The ‘Sword and Sorcery’ era, from the late 50’s through late 70’s:

This era started with the Gnome Press reprints of Conan and petered out by the mid eighties. The stories were most often about individual heroes or antiheroes in an alternate world, a parallel world, or a completely fantastic setting. Conan set the mold by showing an individual overcoming a series of obstacles. The readership was dominated by men and boys, who enjoyed predominantly linear quests.

conanelricgor flashing swords amber witch world  shea kane

The ‘Epic Fantasy’ era, from the late 70’s through late 90’s:

Starting with the publication of ‘Sword of Shannara’ and continuing to the present day,  gradually diminishing in importance, the Fantasy of this era was typified by the Tolkienesque plot of a group of heroes on a quest to save the world. At the same time  this standard plot was reinforced by the first wave of group role-playing games. The importance of ‘world-building’, the creation of believable, distinct fantasy worlds, increased and became a goal in and of itself. Concurrently, the importance of twentieth century literary character increased, and dialogue became less stylized. Most cross-media projects failed or found only a small market, and fantasy remained mostly a literary and gaming phenomena.

Meanwhile, women and young girls slowly came to be the larger share of the fantasy reading demographic (and the reading demographic altogether). Over time the content of the Fantasy genre changed to reflect this, to encompass female protagonists exploring interior, emotional challenges that in the 1970’s were largely ignored. The linear ‘quest’ style of S&S took refuge in video games, a market dominated by males.

malazan riftwar shannara tolkien anthony belgariad dnd jordan

The ‘Crossover’ era, from the late 90’s and continuing into the 21st century:

Beginning with the publication of ‘Harry Potter’ and the television airing of ‘Buffy the Vampire Slayer’, there has been a return of focus to the individual character within a fantasy world that has a series of adventures, however that individual is often a child or a female. The fantasy world is often grounded in a ‘magicalized’ version of our own world, and this takes precedence over Tolkienesque world-building. A lot of the emphasis is again focusing on the individual and his/her relationship to a mythological, or mythologized world. Media tie-ins have risen in importance and books often take their inspiration from television and film as well as influencing those media.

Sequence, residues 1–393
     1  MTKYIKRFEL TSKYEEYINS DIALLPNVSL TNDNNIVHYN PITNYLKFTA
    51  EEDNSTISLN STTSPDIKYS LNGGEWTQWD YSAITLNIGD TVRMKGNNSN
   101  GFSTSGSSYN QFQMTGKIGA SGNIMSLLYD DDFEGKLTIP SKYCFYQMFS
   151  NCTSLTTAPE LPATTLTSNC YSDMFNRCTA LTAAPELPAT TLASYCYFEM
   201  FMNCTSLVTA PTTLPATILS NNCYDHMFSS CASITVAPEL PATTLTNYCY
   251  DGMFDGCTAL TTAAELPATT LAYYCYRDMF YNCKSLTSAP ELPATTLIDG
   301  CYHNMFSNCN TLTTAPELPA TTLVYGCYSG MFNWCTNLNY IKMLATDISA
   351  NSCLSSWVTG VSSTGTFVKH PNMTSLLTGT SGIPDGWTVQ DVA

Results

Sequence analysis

The current market, according to the Publishers Weekly and Locus bestseller lists, is dominated by crossovers as well as a few remnants of the 80’s style Epic Fantasy market. There is a continuing crossover in the YA and Children’s category, more so than ever before. Due to continuing trends away from realism towards ‘magical realism’ and ‘postmodernism’ in the academic fiction genre, there is a growing acceptance of SFF in academic circles and no small crossover between SFF and ‘literary fiction’ as well. Females continue to be the consumers mainly targeted by publishers, and there is a tremendous crossover between ‘romance’ and fantasy.

Driven by a publisher’s marketing ambition to have bigger ‘hits’, or the desire of writers to break down old barriers, a lot of the genre distinctions from decades past are fading away, as different ‘types’ of stories combine. One of the most prevalent memes from the last decade has been about elements of the fantasy world seamlessly and unsurprisingly residing in our own world. In a very real way, that’s exactly what’s happening to the genres, as they continue to blend together, creating new and exciting offspring.

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Then and now:

Sword and SorceryUrban Fantasy

The history of the genre is reflected in the covers of the books themselves, in the 60’s and 70’s the standard on potboilers was to have the bloodied male hero hovering over a dominated woman, now the potboiler standard is usually a secretive, lone heroine seen from behind.